THE previous Wednesday began with morning glass in the waves at Fingal Head, my new home, with two colleagues and housemates. One of the three didn’t have to work that day. Poor bastards. The plan was, after a brief hiatus in Melbourne, to ride shark infested waves hundreds of kilometres from the nearest hospital, but hopefully not from the nearest pub. Dilemma – my board had recently died the end of a slow death. Took me three visits to a dodgy lookin’ second-hand store in Tweed Heads before I finally bought a board. Think I gave the proprietor the shits. Problem solved, and hours later we were boarding the flight to Melbourne, with the clichéd sounds of that stupid Angus and Julia Stone ‘Big Jet Plane’ song playing as we lowered into our seats. ‘Fuck I hate that song,’ said Ross. I grunted agreement. So we made the standard flying surfer jokes about whether our boards would be waiting for us on arrival, and if so, in how many pieces. Turned out such jest was groundless, after the flight I partially spent fantasising about joining the Mile High Club with a dimpled flight attendant named Rebecca, while trying to read a book about the search for the killers of an entire mid-western American family. Truman Capote’s a master, by the way. Ross, imbecile that he was, is and forever shall be, took a photo of me with his iPhone, then spent most of the flight digitally messing with my face. There was turbaned Osama bin Colin, bloodied Zombie Colin, naked woman in a thought bubble babes on the brain Colin and embarrassed Colin got shat on by a Seagull. The lights of civilisation below disappeared from view.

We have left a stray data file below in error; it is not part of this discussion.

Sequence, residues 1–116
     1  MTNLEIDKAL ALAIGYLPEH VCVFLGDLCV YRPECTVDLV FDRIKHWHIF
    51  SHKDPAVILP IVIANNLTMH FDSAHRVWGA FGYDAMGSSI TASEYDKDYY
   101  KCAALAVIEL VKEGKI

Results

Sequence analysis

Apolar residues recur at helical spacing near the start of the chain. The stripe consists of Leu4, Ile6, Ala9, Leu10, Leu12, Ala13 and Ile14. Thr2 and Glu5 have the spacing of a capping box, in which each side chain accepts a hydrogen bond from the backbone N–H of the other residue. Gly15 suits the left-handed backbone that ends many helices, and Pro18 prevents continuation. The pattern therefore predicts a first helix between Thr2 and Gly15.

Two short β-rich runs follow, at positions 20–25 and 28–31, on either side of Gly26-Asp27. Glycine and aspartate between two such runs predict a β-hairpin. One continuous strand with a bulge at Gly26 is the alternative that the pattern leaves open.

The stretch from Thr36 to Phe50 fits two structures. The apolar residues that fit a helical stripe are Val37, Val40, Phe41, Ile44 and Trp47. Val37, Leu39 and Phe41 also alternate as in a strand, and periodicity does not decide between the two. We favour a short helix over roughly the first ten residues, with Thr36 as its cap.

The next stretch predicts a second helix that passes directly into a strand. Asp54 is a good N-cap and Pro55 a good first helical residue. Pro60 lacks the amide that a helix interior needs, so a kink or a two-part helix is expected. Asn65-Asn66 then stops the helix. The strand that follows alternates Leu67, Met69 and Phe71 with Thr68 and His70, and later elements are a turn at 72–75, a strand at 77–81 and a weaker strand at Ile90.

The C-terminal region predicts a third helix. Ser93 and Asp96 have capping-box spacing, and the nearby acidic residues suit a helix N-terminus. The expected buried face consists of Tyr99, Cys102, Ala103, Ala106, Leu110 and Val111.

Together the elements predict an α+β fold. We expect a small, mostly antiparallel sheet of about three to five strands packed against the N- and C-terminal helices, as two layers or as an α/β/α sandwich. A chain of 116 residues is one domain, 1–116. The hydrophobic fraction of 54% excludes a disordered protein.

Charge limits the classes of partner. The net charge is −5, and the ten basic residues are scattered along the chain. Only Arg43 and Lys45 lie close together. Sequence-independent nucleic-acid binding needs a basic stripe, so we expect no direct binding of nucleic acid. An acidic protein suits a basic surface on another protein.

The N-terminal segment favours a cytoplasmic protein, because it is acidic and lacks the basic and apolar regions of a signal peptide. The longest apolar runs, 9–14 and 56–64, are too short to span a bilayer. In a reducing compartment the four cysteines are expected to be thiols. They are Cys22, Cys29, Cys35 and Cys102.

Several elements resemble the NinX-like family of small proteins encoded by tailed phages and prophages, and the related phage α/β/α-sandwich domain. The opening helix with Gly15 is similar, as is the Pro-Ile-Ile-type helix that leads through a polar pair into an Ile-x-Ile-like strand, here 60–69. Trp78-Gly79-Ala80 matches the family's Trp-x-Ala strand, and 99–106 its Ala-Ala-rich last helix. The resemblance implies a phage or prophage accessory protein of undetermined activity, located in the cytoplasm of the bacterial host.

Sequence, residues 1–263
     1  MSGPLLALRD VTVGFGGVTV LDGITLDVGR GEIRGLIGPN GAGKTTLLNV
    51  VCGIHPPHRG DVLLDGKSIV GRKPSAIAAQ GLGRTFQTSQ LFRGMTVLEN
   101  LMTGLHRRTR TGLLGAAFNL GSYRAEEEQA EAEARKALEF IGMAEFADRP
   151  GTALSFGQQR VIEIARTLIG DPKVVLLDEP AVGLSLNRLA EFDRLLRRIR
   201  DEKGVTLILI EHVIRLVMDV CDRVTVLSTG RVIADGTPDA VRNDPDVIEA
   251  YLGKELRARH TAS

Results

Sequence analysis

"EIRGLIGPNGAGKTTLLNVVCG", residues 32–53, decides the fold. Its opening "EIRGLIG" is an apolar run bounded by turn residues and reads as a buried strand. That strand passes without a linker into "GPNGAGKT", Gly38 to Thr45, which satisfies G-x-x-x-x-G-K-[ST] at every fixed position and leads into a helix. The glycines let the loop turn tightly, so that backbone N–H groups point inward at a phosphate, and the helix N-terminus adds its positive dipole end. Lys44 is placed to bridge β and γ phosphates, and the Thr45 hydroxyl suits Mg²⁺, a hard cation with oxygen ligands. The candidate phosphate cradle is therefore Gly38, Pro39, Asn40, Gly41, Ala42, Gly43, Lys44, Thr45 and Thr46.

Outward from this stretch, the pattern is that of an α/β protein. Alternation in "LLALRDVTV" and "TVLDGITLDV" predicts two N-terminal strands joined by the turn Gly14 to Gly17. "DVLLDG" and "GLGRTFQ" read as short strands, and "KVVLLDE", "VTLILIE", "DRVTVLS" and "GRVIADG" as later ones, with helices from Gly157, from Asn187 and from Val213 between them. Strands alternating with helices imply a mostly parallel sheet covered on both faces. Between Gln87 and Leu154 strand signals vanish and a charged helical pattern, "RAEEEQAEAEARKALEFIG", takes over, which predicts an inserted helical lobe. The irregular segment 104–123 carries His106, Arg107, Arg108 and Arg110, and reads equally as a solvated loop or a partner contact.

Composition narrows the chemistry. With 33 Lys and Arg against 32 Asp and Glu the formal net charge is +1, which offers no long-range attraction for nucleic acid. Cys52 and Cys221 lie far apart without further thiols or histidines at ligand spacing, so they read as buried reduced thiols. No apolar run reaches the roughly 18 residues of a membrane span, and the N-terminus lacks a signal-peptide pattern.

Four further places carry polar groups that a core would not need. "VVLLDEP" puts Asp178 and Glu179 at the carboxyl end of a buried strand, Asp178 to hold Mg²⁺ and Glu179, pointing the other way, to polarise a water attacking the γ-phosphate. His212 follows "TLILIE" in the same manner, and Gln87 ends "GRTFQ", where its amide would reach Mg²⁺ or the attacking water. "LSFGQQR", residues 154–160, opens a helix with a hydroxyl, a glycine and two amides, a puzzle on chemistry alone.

Traversing the tarmac, terminal and waiting in the cold outside with cigarettes hanging from our trembling lips was dark and bleak, like something out of a German soldier’s World War Two eastern front diary. Hello Melbourne. There was confusion about how to get to our hostel in South Yarra, but a bus ride with emotionally shattered plebeians and taxi ride with the stock-standard Indian student got us there. The guy behind the hostel reception counter was the type who greets you with telepathy. Y’know the type: just looks at you blankly until you break the weirdness by stating your business. Ross, who had decided to quit smoking, created an interesting and much needed distraction by looking exactly like a junkie version of Rudolph the Red-nosed Reindeer, cruelly cross-bred with a hay fever afflicted skinny man. We walked a kilometre at least up Chapel St looking for a chemist open past 9am and stocking anti-histamines. We found plenty of chemists, but no soothing drugs, ‘cause none of them were open. So we drank some cheap booze while watching the incredibly small TV in the bunk bedded closet which was our room, and drifted off to blissful sleep. Until the phone rang about midnight. Just a friendly call from the manager to yell at us to turn down the TV Ross had left on (he was on the bottom bunk). Course I only heard about this in the morning; thought it was just a fucked up dream.